It’s an interesting review, but what it does not do is mention the vast amount of genre Science Fiction that has used robots to explore the human condition, the limits or otherwise of machine intelligence and the relationship between such machines and their creators, since Mary Shelley wrote Frankenstein. There clearly seems to be a nod to Shelley with the name of this android, as the monster in her work, I think, is also called Adam. But Eando Binder – the nom de plume of the brothers Earl and Otto Binder, also wrote a series of stories in the 1930s and ’40s about a robot, Adam Link, one of which was entitled I, Robot, which was later used as the title of one of Asimov’s stories. And although the term ‘robot’ was first used of such machines by the Czech writer Karel Capek in his 1920s play, RUR, or Rossum’s Universal Robots, they first appeared in the 19th century. One of these was Villier de l’Isle-Adam, L’Eve Futur of 1884. This was about a robot woman invented by Thomas Edison. As one of the 19th centuries foremost inventors, Edison was the subject of a series of proto-SF novels, the Edisonades, in which his genius allowed him to create all manner of advanced machines. In another such tale, Edison invents a spaceship and weapons that allow humanity to travel to the planets and conquer Mars. McEwan’s book with its inclusion of Alan Turing is basically a modern Edisonade, but with the great computer pioneer rather than the 19th century electrician as its presiding scientific genius. Possibly later generations will have novels set in an alternative late 20th century where Stephen Hawking has invented warp drive, time travel or a device to take us into alternative realities via artificial Black Holes.

Robot Romances

As I said in my original article, there are any number of SF books about humans having affairs with robots, like Tanith Lee’s The Silver Metal Lover, Lester del Rey’s Helen O’Loy and Asimov’s Satisfaction Guaranteed. The genre literature has also explored the moral and philosophical issues raised by the creation of intelligent machines. In much of this literature, robots are a threat, eventually turning on their masters, from Capek’s R.U.R. through to The Terminator and beyond. But some writers, like Asimov, have had a more optimistic view. In his 1950 I, Robot, a robot psychologist, Dr. Susan Calvin, describes them in a news interview as ‘a cleaner, better breed than we are’.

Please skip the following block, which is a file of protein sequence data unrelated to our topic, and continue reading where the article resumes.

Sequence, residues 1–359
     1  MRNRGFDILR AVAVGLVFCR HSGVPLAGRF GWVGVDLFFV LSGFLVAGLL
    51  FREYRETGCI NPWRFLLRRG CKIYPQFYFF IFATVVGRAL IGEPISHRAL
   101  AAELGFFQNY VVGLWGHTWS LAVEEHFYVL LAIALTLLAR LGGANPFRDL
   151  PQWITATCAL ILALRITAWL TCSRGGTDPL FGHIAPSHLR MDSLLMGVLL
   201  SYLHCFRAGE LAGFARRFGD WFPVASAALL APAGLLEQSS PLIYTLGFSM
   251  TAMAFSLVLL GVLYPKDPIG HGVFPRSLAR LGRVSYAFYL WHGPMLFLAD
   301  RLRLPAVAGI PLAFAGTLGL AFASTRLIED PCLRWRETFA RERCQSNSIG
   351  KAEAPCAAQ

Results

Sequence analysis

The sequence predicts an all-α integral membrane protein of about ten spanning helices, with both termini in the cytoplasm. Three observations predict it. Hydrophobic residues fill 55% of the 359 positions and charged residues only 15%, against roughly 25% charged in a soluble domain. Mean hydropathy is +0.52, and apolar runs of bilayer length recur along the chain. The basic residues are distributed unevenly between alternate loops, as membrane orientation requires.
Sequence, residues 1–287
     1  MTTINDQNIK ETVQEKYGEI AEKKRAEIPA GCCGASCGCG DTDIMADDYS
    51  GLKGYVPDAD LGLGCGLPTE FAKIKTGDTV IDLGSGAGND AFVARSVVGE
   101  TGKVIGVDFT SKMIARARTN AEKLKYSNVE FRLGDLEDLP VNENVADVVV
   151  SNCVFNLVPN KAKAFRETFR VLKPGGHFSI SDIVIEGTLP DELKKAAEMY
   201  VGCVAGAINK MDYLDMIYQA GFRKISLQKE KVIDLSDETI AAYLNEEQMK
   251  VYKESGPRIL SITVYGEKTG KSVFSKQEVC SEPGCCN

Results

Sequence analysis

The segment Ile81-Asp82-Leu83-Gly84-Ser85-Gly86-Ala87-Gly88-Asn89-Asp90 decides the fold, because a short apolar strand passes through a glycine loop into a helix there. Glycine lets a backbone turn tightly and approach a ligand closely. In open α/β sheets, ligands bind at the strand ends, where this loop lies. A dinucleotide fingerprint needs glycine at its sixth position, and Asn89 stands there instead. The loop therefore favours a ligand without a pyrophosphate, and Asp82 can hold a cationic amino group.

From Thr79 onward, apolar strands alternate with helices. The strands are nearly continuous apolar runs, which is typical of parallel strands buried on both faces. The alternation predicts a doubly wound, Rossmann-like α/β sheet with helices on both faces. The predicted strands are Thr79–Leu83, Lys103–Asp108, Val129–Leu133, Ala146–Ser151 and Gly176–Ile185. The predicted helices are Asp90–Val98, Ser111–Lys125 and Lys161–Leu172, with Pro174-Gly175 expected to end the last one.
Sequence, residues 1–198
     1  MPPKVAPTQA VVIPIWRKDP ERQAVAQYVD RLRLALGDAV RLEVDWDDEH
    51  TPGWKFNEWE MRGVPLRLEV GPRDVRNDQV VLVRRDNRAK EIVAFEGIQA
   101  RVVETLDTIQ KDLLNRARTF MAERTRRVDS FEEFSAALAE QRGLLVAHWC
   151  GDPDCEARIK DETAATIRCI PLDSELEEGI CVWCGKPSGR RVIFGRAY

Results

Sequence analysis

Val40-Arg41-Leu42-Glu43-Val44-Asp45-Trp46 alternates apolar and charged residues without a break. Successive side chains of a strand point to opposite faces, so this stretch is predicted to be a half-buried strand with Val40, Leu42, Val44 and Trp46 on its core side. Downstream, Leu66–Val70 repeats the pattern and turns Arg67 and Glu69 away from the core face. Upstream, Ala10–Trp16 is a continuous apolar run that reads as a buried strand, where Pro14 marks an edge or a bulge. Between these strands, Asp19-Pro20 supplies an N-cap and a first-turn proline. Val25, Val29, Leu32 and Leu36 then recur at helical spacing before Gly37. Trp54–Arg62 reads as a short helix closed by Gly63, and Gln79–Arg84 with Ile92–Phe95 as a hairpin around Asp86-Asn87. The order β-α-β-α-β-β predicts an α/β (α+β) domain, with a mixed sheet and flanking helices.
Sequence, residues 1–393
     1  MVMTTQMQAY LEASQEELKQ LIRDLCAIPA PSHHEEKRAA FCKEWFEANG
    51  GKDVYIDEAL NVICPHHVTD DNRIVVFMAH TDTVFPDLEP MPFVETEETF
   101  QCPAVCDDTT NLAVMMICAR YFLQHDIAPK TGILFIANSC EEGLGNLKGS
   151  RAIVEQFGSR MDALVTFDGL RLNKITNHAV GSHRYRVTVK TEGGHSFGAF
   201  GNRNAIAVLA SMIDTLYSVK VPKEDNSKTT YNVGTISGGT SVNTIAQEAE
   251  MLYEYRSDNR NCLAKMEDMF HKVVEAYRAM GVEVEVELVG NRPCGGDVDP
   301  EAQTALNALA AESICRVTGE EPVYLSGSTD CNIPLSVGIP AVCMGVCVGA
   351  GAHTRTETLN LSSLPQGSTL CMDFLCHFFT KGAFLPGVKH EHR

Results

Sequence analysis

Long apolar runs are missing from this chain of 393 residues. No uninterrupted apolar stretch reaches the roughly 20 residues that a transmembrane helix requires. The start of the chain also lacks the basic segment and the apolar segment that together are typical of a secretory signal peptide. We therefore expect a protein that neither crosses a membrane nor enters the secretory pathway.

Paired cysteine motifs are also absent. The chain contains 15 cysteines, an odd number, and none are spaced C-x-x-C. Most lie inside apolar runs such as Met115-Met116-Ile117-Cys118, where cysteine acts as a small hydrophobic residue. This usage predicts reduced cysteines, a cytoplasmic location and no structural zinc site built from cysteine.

Lem’s Robots and Descartes

As for the philosophical issues, the Polish SF writer, Stanislaw Lem, explored them in some of his novels and short stories. One of these deals with the old problem, also dating back to Descartes, about whether we can truly know that there is an external world. The story’s hero, the space pilot Pirx, visits a leading cybernetician in his laboratory. This scientist has developed a series of computer minds. These exist, however, without robot bodies, but the minds themselves are being fed programmes which make them believe that they are real, embodied people living in the real world. One of these minds is of a beautiful woman with a scar on her shoulder from a previous love affair. Sometimes the recorded programmes jump a groove, creating instances of precognition or deja vu. But ultimately, all these minds are, no matter how human or how how real they believe themselves to be, are brains in vats. Just like Descartes speculated that a demon could stop people from believing in a real world by casting the illusion of a completely false one on the person they’ve possessed.

Morality and Tragedy in The ABC Warriors 

Some of these complex moral and personal issues have also been explored by comics, until recently viewed as one of the lowest forms of literature. In a 1980s ‘ABC Warriors’ story in 2000AD, Hammerstein, the leader of a band of heroic robot soldiers, remembers his earliest days. He was the third prototype of a series of robot soldiers. The first was an efficient killer, patriotically killing Communists, but exceeded its function. It couldn’t tell civilians from combatants, and so committed war crimes. The next was programmed with a set of morals, which causes it to become a pacifist. It is killed trying to persuade the enemy – the Volgans – to lay down their arms. Hammerstein is its successor. He has been given morals, but not to the depth that they impinge on his ability to kill. For example, enemy soldiers are ‘terrorists’. But those on our side are ‘freedom fighters’. When the enemy murders civilians, it’s an atrocity. When we kill civilians, it’s unavoidable casualties. As you can see, the writer and creator of the strip, Pat Mills, has very strong left-wing opinions.